Roscommon-based Fianna Fáil councillor Rachel Doherty branded the portrayal “cartoonish”.
Her intervention follows criticism, last week, by Mary O’Rourke, a former cabinet member, of the way her brother Brian Lenihan had been presented.
Claiming the three-part mini-series Haughey was “salacious”, Ms Doherty insisted the portrayal of her late father was “unfair”.
Mr Doherty, a former garda, resigned from Fianna Fáil after his successor as justice minister, Michael Noonan, revealed in 1983 that he had approved the phone tapping of journalists considered to be a threat to Mr Haughey.
After initially insisting that Mr Haughey was not aware of the tapping, Mr Doherty in the early 1990s admitted he had known. This eventually led to a heave against Mr Haughey, again serving as taoiseach, and the downfall of his government
In the second episode, aired on Sunday, a newly promoted Mr Doherty tells Mr Haughey: “Your back is my back, boss.”
Ms Doherty said family and friends of the former justice minister had not been approached by programme makers, and such dialogue was “complete conjecture”.
She said the series amounted to a “vicious attack” on her father who had died in 2005, aged 60, and who, she insisted, had “a serious, bright, intelligent mind” despite the TV depiction.
“To say that licence was taken with his character and others is an understatement. I really feel at this stage it has undermined the credibility of the programme.
“Every single scene, there is an attempt to discredit him and his record, previously in the gardaí and also during his time in government.
“This is not the person that was my late father. It was not the Seán Doherty that represented the people of Roscommon.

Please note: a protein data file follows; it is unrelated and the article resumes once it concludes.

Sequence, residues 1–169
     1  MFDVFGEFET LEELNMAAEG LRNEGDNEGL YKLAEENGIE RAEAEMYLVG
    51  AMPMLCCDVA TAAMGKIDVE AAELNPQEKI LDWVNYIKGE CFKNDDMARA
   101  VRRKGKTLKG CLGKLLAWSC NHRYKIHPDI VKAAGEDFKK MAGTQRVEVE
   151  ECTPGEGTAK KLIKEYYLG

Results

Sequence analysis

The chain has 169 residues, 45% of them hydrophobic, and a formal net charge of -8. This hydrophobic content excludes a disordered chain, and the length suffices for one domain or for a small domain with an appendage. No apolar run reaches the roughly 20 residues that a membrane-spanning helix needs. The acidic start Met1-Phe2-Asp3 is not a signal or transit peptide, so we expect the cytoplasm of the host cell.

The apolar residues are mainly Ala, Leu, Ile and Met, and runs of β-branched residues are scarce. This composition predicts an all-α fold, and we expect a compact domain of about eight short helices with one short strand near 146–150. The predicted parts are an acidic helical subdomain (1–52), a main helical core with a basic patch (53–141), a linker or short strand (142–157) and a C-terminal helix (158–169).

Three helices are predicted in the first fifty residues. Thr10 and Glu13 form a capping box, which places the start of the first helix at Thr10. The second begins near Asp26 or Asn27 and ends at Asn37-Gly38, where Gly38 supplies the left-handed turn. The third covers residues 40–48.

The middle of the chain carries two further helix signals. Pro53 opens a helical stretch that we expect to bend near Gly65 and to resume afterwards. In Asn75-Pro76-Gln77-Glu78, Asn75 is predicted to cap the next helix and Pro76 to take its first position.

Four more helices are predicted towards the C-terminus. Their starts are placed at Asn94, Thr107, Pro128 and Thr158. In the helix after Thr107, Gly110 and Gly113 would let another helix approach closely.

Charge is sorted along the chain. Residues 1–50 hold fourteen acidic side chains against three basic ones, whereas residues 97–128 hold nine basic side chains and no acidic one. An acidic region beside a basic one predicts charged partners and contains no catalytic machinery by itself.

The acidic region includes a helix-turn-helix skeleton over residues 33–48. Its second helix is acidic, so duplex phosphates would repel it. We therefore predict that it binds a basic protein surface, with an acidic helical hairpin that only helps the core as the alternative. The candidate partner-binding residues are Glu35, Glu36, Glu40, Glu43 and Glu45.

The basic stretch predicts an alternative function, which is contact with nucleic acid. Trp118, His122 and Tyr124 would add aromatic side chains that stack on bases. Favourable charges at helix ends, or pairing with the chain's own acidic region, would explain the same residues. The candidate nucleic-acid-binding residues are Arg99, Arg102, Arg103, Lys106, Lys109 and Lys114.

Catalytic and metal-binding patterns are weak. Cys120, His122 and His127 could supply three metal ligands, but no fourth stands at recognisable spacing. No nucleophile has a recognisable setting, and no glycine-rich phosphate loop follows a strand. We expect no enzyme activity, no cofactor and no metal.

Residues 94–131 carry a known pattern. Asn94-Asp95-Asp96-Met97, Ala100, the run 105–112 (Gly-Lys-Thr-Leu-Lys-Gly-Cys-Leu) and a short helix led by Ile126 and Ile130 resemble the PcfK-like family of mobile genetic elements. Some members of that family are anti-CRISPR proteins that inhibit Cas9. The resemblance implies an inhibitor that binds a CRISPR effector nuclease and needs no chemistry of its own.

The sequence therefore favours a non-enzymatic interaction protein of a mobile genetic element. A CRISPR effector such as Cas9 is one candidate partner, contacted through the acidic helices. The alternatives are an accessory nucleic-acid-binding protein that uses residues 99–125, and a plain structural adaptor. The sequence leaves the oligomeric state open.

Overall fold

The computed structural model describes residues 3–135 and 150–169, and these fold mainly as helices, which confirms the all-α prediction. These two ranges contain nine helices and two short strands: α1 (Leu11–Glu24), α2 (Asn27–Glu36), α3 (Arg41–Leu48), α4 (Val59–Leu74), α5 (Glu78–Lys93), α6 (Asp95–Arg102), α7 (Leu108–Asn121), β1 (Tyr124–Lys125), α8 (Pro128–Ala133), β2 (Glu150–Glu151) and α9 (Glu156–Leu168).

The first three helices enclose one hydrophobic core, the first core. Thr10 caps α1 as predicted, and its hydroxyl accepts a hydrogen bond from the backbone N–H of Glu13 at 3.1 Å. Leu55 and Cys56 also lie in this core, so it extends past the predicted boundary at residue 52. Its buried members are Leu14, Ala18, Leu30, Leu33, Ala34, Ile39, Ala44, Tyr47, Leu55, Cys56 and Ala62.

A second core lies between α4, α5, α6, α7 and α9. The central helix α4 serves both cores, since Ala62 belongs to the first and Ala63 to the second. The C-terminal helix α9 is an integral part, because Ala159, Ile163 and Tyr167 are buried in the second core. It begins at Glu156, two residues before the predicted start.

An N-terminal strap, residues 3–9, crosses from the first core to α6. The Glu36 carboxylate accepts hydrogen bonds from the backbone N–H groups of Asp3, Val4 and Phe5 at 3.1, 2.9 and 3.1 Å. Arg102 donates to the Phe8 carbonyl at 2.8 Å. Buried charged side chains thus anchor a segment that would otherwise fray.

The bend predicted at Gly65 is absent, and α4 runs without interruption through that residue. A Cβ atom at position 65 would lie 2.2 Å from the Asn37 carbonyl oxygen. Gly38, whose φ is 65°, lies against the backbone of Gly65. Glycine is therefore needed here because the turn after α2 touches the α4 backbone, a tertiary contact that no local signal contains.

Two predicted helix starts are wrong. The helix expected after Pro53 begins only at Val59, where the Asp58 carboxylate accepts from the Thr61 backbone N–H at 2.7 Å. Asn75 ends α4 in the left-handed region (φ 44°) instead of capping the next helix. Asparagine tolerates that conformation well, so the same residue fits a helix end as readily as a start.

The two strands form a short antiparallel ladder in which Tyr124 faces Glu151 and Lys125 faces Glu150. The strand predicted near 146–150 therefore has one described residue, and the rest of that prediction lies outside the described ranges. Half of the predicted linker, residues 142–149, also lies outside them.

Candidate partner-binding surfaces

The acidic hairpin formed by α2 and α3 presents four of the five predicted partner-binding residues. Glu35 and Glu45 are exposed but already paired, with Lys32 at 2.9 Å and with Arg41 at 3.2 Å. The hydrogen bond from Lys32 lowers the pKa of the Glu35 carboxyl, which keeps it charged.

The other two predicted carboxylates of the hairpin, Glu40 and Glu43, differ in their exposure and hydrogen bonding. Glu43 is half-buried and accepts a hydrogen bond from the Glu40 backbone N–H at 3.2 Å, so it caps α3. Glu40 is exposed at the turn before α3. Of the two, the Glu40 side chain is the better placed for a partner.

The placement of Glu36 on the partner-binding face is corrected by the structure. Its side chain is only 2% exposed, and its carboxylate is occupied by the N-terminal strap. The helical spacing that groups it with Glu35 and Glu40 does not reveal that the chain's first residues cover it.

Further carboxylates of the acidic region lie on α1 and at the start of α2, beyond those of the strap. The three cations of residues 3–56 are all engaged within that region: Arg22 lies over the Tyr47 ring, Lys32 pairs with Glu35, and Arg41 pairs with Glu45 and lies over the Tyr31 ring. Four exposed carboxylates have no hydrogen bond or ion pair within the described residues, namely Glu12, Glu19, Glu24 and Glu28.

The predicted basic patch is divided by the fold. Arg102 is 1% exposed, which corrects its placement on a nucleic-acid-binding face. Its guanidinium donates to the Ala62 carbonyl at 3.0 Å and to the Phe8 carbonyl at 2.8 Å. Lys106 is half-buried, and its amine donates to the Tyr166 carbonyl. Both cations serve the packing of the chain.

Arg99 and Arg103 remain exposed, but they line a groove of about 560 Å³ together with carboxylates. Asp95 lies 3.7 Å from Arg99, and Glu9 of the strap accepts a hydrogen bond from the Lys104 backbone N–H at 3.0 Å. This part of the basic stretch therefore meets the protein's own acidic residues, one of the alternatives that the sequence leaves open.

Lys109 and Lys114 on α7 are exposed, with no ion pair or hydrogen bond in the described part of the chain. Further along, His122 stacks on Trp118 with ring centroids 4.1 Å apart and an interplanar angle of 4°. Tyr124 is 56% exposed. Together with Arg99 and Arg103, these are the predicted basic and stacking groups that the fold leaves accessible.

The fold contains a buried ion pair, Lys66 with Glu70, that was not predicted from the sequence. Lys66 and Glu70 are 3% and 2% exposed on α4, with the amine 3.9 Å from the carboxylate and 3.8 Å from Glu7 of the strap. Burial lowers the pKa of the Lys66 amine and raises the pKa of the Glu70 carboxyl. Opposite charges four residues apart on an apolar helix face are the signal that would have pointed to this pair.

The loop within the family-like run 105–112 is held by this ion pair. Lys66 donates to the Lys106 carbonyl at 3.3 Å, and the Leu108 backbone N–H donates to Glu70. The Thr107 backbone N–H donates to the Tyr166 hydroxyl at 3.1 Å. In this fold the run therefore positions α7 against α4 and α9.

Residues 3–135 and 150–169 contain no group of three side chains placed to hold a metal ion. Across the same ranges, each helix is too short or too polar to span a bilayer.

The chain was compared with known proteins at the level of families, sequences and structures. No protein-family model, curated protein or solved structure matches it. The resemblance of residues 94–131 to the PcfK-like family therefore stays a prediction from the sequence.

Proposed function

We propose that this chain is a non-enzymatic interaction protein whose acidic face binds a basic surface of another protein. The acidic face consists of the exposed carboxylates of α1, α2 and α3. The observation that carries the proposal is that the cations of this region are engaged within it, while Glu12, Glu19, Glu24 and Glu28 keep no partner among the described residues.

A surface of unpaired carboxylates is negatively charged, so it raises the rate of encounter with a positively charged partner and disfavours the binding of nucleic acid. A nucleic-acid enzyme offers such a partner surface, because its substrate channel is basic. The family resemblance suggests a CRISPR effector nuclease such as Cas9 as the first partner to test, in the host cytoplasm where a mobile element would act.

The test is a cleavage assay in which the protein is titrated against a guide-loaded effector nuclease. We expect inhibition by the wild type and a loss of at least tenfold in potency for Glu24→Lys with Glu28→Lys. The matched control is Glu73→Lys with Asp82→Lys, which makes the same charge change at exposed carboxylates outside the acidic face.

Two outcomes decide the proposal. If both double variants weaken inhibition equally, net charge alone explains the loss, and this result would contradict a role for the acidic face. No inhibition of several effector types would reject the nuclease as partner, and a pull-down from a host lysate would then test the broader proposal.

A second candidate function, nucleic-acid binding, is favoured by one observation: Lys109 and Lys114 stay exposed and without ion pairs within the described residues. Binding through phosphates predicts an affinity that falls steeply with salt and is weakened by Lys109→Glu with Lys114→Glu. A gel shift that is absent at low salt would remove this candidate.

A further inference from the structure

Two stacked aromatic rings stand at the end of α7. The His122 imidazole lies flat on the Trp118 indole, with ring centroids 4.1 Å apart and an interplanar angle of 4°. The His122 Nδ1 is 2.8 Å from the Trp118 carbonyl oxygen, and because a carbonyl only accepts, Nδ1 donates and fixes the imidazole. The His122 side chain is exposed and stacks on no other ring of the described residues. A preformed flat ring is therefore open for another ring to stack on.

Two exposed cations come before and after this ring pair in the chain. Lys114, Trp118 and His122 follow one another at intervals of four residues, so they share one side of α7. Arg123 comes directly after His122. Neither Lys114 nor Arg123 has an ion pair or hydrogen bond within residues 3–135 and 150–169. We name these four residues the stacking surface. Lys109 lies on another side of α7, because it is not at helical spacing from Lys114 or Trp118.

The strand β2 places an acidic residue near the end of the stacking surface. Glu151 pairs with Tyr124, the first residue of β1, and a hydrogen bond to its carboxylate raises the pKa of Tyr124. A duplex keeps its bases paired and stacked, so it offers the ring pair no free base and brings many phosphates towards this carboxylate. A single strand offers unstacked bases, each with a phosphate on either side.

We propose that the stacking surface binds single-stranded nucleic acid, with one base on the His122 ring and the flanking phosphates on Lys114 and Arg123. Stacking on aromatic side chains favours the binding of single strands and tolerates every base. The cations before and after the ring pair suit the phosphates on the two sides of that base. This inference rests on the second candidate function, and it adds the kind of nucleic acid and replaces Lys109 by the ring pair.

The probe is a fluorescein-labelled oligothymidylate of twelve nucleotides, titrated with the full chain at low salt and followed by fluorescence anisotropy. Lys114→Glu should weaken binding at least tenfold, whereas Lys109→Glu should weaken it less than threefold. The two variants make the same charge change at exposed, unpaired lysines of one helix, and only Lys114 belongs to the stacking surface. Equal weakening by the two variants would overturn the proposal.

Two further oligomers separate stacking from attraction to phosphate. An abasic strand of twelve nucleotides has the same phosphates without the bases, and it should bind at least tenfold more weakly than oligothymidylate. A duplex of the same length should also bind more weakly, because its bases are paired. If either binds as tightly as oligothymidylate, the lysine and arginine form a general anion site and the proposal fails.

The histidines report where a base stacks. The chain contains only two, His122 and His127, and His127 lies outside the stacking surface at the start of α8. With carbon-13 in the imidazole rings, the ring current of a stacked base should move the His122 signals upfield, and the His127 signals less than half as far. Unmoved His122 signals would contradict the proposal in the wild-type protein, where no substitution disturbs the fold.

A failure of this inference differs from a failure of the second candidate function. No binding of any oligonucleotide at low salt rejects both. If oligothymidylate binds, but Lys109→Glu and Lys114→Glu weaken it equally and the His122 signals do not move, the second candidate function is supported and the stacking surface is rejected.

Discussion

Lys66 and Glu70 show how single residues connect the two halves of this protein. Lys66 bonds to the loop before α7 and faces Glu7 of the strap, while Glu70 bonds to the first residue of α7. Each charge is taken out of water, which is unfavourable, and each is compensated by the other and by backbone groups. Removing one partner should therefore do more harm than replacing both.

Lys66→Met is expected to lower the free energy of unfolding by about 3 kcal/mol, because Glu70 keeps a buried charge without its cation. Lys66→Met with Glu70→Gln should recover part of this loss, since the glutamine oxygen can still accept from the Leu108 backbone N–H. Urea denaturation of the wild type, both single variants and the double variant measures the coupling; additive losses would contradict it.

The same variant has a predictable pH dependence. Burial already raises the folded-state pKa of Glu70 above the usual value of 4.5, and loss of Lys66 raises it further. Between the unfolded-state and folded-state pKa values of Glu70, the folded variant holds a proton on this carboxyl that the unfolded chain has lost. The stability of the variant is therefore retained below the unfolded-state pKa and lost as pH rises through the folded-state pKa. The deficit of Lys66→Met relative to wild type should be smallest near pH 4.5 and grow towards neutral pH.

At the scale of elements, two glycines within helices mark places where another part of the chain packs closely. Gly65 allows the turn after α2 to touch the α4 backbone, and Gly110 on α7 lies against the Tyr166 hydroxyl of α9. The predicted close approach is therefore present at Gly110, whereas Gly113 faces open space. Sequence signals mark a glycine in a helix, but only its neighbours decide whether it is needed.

“I think it’s in bad taste overall. It’s obviously trying to get a high viewership. It’s salacious in its content and, quite frankly, apart from being sad and upset this morning, I’m angry and disgusted,” Ms Doherty told RTÉ.
Ms O’Rourke, who was unhappy about the depiction of her brother, said Mr Doherty was a “lively and bright colleague”.
The former transport minister said she was “troubled” by the way Mr Lenihan was shown on screen.
“I was a bit troubled by the depiction of Brian, Brian Lenihan Sr. He was carrying Charvet shirts up the stairs after Charlie. I’m quite sure Brian Lenihan just never did that,” Ms O’Rourke said.
Ms O’Rourke — who served as a minister in Mr Haughey’s final government — said she thought a number of relatives of other politicians depicted in the drama may have felt “bashed on” by the programme makers.
The ex-Fianna Fáil TD said that her brother was “amiable and sincere”, but that despite the criticism she found the programme to be “riveting”.
The mini-series, starring Aiden Gillen and Tom Vaughan-Lawlor has, however, proved a ratings success for the State broadcaster.